Showing empathy is not something he could be coached to do, even if he was coachable. I wonder, do his supporters, some which are empathetic people, look for it in him or not?

Teams > Individuals

Who will win the 2020 Democratic Primary? Who will win the 2020 General Election? In the (dis)United States we seemingly think one person can make all the difference. That there’s one person with the exact right proposals for improving health care, establishing an environmental ethic, strengthening frayed ties with allies, reducing gun violence, and revitalizing our infrastructure.

Due to our intense individualism and the incontrovertible fact that uniquely talented individuals sometimes make disproportionate impacts on institutions and organizations, when it comes to getting things done, we almost always underestimate the importance of teams.

The Trump Administration’s list of accomplishments is short not because of mean “Do Nothing Dems”, but because Trump has settled for a constantly revolving door of increasingly acquiescent men and women of questionable qualifications. We’ve travelled a fair distance from Lincoln’s Team of Rivals.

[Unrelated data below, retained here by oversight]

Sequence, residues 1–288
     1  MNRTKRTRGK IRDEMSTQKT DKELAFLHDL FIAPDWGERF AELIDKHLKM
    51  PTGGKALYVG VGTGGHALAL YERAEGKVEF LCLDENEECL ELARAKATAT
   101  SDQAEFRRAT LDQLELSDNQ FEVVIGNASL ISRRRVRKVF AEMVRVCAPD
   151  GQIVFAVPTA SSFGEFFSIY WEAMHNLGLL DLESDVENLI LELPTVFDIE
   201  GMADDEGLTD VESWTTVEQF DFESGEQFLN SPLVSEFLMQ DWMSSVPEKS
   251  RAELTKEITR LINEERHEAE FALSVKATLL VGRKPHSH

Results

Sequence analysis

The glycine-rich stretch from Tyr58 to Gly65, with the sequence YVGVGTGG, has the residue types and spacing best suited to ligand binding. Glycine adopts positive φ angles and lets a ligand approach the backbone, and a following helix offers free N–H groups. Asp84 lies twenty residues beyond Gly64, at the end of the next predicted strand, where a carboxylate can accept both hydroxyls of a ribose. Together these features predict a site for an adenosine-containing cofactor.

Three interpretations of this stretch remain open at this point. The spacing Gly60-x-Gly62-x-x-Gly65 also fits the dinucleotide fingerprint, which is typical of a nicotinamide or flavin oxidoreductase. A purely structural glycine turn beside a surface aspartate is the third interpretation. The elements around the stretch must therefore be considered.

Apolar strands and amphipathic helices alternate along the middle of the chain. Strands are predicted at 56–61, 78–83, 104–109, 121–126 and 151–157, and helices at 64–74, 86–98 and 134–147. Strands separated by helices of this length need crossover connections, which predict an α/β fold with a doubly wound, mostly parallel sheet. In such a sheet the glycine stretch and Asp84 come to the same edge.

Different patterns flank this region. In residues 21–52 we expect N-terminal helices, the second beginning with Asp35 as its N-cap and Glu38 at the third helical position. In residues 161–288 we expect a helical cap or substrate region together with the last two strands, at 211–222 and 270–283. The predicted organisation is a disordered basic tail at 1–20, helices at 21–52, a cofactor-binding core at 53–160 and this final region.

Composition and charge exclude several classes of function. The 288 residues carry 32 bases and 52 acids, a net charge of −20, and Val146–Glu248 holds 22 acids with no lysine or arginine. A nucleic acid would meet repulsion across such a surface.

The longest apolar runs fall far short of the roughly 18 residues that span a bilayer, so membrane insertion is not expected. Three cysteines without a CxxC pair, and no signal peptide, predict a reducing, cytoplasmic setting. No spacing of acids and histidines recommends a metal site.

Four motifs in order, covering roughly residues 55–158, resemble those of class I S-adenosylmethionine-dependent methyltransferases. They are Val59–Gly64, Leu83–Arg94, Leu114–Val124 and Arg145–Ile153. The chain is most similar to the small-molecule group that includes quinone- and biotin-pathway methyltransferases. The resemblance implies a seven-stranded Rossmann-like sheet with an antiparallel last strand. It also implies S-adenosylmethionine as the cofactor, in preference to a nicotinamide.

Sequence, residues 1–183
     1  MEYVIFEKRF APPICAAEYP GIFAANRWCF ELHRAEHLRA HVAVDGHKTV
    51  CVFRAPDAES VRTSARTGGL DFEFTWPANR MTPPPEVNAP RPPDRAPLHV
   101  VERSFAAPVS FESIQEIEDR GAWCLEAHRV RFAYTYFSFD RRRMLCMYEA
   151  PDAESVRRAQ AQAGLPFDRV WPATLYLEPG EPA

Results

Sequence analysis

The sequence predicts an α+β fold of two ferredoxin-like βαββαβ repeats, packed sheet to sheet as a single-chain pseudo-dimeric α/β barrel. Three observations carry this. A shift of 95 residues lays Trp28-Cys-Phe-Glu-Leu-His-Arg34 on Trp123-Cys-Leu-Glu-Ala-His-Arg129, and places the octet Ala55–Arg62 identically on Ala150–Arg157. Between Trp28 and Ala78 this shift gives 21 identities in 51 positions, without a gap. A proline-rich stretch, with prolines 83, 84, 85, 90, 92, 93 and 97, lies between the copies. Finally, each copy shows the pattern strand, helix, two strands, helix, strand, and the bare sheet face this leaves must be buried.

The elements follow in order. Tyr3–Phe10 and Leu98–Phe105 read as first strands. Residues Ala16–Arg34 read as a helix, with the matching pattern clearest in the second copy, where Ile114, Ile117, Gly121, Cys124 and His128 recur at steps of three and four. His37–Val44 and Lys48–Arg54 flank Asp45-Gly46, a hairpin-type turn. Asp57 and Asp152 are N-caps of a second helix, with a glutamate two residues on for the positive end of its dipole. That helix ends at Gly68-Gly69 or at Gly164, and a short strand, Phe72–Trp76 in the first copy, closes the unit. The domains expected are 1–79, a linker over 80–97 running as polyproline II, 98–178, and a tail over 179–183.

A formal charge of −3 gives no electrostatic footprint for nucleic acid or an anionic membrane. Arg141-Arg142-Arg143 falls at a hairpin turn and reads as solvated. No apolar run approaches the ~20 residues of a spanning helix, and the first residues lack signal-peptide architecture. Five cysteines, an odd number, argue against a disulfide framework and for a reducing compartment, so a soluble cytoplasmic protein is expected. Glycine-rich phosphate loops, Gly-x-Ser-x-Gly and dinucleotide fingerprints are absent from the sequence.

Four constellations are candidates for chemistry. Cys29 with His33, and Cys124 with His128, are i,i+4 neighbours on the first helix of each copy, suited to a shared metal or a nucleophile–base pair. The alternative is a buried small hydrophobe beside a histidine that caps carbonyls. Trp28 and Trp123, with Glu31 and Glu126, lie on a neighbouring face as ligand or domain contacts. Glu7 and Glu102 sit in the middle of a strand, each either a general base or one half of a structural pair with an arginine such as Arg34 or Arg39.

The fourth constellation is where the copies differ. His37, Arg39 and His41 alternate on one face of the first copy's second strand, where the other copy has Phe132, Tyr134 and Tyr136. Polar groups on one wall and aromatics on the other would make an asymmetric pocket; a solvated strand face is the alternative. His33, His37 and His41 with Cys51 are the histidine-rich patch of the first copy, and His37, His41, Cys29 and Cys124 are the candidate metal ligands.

If we were more savvy, we’d expect the Democratic Candidates for President to have already named their Vice-Presidents so that we would have longer to evaluate the relative quality of their teaming. We’d even go further and require them to name possible other members of their respective cabinets. Our questions would not be limited to what the Presidential Candidate hopes to accomplish, but how likely are their VP and them to team well together? How well do they complement one another? Instead of expecting them to come up with policy panaceas, we should expect them to convince us that they’ll team better with Congressional leaders to pass meaningful legislation than their opponents.

One might protest that Vice-Presidents sometimes come from the consolation bracket of the Presidential Primary. A much earlier expectation would simply require some with Presidential ambitions to decide whether to hitch their wagon to another more likely winner of the Primary.